When an employer sponsors and supports training events it shows their staff they are actively investing in the professional development of employees, and it also benefits and protects the organisation as a whole. Continuing to train your staff ensures they have all the skills they need to tackle any challenge that might befall the organisation.
The old days – where employees would spend their whole working life at a single company – are gone. The modern worker prefers to work for the companies that excite, challenge, and reward them. They won’t work for a company just because it happens to be the oldest, largest, or supposedly most desirable organisation in their field. Many people actually prefer working for high-risk start-ups because of the fast pace things move at there.
On the other hand, an organisation will inherently place a high value on an employee that matches their strategic plans. They need employees they know will fit their needs. Sometimes this just isn’t possible without the organisation engaging these employees and creating organisational missions, values, and visions.
It is absolutely vital that the onboarding process of a company clearly states the values of the company and that companies take employees who want to work for them. The next step is to ensure that these employees are satisfied. Check-in on their satisfaction and promote it through processes and activities such as reviews, team-building exercises, and by offering them flexible working conditions. This ensures the staff there to improve organisational performance are the right fit for the company culture.
There are a range of challenges businesses face when they hier local IT talent, but there are also ways to overcome these challenges. One of the big challenges facing Australia right now is that there is a major lack of cyber-security skills. Other countries, like Japan and Mexico, have much more talent available. Even when attempting to entice employees by offering them higher wages, there’s only so much that can be done with a lack of local talent.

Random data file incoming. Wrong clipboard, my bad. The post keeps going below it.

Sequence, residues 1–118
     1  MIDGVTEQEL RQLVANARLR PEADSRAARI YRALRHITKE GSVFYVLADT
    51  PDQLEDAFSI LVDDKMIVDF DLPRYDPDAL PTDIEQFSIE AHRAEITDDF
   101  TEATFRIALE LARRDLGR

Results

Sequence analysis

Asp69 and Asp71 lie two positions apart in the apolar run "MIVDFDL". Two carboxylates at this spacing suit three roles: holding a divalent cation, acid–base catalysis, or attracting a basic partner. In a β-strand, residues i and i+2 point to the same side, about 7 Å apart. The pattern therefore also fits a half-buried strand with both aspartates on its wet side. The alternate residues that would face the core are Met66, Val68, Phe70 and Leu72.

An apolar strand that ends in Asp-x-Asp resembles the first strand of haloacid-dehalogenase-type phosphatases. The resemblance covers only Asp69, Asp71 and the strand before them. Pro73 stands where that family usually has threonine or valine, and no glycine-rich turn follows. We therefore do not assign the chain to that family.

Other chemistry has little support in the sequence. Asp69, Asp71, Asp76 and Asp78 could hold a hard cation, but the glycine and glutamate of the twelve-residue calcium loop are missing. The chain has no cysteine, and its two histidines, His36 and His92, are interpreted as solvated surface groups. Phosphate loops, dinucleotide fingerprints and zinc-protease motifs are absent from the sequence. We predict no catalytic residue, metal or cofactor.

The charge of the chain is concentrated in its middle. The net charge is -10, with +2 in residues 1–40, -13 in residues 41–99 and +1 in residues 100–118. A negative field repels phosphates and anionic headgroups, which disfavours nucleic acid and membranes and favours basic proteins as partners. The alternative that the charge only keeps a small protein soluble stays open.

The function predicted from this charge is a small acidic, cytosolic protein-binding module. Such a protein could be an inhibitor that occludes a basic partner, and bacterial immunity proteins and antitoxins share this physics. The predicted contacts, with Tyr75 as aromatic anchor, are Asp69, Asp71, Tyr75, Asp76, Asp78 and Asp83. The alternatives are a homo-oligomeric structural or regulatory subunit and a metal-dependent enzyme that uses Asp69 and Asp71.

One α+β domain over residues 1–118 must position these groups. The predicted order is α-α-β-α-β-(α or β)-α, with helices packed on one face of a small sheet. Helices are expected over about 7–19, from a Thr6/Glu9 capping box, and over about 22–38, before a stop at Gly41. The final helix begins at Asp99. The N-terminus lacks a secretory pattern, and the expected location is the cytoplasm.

The shortage of talent does more than just burden other employees and increase their workload; it also compromises the security of their data. The Australian government recently pledged $1.9 million to universities to combat this shortage, and it is certainly a good start, but it really isn’t enough solve the problems that exist today. It is an investment in the future.
Some suggest that it is possible to take advantage of the immigration ban issued by President Trump to acquire cyber experts no longer welcome in the US. This approach might sound a little drastic, but it does also highlight an incredible opportunity businesses can take.
Organizations should be considering offering incentives such as visa support and accommodating for team structures based on contractors. There are shortages in talent in places like the UK and Canada as well, which is why Australian companies need to be vigilant and competitive in their approach to recruiting talent while getting government support.